50-50 How did we get here? A matter of debate
Among the issues debated Tuesday night by the leaders was the reason the four of them were standing around in that room for two hours in the first place.
In other words, why exactly are we having an election anyway?
Canadians are mystified and so is the rest of the world, according to Conservative Leader Stephen Harper.
"What the world is looking at right now, and is saying, [is] Canada's got the strongest recovery of any country on Earth and suddenly it's plunged into a fourth election in seven years and Canadians don't know why. Canadians don't know why we're doing this," he said.
Then he tried to shed some light on the matter and tell Canadians why we're having an election: "We're having an election because the other three political parties saw an opportunity to go after the government."
Not so, Liberal Leader Michael Ignatieff responded. Here's his explanation for why Canadians are going to the polls on May 2: "You stiffed Parliament Mr. Harper, and that's why your government lost confidence, that's why we're having an election."
In his opinion, the cause of the election is no big mystery to voters: "Canadians know exactly why we're having an election. We're having an election because you didn't tell Parliament the truth about your budget costs, about any of the numbers, they became unbelievable ... eventually the confidence of the whole Parliament was lost, that's why we're having an election."
So we have two different versions of events from Harper and Ignatieff about how we wound up in yet another election campaign.
Harper says it was nothing more than political opportunism by the Liberals, NDP and Bloc Quebecois who were intent on bringing his government down, whereas Ignatieff says it's because Harper "didn't tell Canadians the truth, because you abused democracy."
The two leaders will have to agree to disagree, but what can't be debated is that what technically triggered the election was the motion of non-confidence passed in the House of Commons on the afternoon of Friday, March 25.
The meaning of contempt
That motion asked MPs to agree with the report from the standing committee on procedure and house affairs that concluded the government was in contempt, and "consequently, the House has lost confidence in the government."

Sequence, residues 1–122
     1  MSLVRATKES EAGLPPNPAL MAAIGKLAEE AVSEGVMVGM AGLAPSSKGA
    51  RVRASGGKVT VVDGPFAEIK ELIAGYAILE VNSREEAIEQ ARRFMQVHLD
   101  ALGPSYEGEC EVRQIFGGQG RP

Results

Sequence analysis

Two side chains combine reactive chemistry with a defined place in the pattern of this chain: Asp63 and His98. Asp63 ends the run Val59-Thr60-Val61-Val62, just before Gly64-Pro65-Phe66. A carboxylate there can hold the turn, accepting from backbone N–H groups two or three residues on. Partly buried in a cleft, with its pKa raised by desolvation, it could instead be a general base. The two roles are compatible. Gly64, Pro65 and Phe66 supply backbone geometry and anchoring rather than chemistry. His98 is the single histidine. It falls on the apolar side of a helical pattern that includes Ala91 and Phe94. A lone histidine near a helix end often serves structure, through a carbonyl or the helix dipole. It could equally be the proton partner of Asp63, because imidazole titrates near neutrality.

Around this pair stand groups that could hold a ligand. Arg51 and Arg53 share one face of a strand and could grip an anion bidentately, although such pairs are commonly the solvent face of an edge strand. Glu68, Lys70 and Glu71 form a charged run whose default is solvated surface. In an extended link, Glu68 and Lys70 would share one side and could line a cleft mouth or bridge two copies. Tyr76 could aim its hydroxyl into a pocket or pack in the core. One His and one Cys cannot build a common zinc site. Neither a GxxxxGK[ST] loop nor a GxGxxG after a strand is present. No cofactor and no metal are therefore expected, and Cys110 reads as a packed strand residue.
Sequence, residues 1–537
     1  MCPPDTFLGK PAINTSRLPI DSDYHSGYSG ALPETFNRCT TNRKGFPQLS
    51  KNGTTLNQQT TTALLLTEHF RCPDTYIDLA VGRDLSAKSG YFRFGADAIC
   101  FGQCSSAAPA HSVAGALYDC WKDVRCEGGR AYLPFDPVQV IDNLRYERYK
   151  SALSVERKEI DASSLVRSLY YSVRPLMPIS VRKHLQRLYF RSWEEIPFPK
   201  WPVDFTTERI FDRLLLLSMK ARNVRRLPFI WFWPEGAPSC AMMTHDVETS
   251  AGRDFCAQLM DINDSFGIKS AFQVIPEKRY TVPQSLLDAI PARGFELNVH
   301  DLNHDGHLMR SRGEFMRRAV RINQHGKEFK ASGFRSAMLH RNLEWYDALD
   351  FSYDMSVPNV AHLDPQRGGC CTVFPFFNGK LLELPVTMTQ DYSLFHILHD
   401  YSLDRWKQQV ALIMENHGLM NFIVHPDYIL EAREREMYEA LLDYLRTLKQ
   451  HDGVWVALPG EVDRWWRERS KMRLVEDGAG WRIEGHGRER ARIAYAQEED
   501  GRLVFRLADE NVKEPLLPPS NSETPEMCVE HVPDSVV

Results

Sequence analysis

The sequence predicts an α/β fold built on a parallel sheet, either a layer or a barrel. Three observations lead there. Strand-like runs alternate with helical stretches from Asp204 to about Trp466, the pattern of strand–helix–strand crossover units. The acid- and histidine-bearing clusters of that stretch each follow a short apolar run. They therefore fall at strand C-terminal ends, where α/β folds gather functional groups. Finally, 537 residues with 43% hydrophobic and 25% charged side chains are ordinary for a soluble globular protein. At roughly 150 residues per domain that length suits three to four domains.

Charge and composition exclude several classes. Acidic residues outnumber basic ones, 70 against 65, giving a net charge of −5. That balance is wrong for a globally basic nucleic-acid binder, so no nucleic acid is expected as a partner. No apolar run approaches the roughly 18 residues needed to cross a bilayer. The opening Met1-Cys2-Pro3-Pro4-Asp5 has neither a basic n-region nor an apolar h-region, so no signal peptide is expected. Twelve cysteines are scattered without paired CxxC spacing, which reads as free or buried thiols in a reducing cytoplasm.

The three opposition parties voted in favour of the motion, the Conservatives voted against it. It passed, and that's why we're in an election.
Harper said it himself during the debate: "You had more votes than we did." He dismissed "the so-called contempt motion" as "simply a case of the other three parties outvoting us."
Harper was probably right to call it a so-called contempt motion, because it was actually a non-confidence motion that brought down his government.
The non-confidence motion, however, was based on a contempt finding - by a committee, not by Parliament.
For his part, Ignatieff was overstating it to say during the debate that Harper had been found in contempt of Parliament by the Speaker of the House of Commons "twice."
Harper himself wasn't found in contempt, nor did Speaker Peter Milliken issue any such findings of contempt - he can't. Only MPs can find each other in contempt by asking Parliament to support a vote on such a finding in the House of Commons.
The Conservatives were on the losing side of two rulings by the Speaker when he determined there were "prima facie" cases of the privileges of MPs being breached, one involving the Bev Oda/Kairos funding affair; the other, the government's refusal to provide appropriate spending estimates for its proposed crime legislation among other things.
Those rulings eventually paved the way for the committee to find the government in contempt, thus prompting the motion that eventually brought it down.
Why did the committee find the government in contempt? That is a rather long story, which dragged on over the course of several months.
To make that long story very short: basically the opposition parties began asking the government last fall for cost estimates on the crime bills, the F-35 fighter jet procurement and corporate tax cuts.
At first, the government argued it couldn't release the information because it was protected under what is called cabinet confidence or, as it is sometimes called, executive privilege.
But the opposition parties did not give up, and after much procedural wrangling, the government did start sharing some numbers, though it was too little too late for the opposition.
The Conservatives say they've always given the opposition parties the information they wanted, but all three opposition parties say that's not true and that the Tories were trying to withhold the true costs of their policies from Canadians.
They will have to agree to disagree on that front too.
The bottom line of all this is we're having an election because a majority of MPs voted in favour of a motion that said confidence had been lost in the government, because a committee had found it in contempt.
A Canadian government has never before been found in contempt but Harper doesn't give much weight to a finding that might go down in the history books.
He tends to shrug it off, as he did during the debate: "First of all, everybody should realize the so-called contempt motion Mr. Ignatieff speaks of is not a ruling of a court or a ruling of the Speaker, it was simply a case of the other three parties outvoting us. We don't agree with that."
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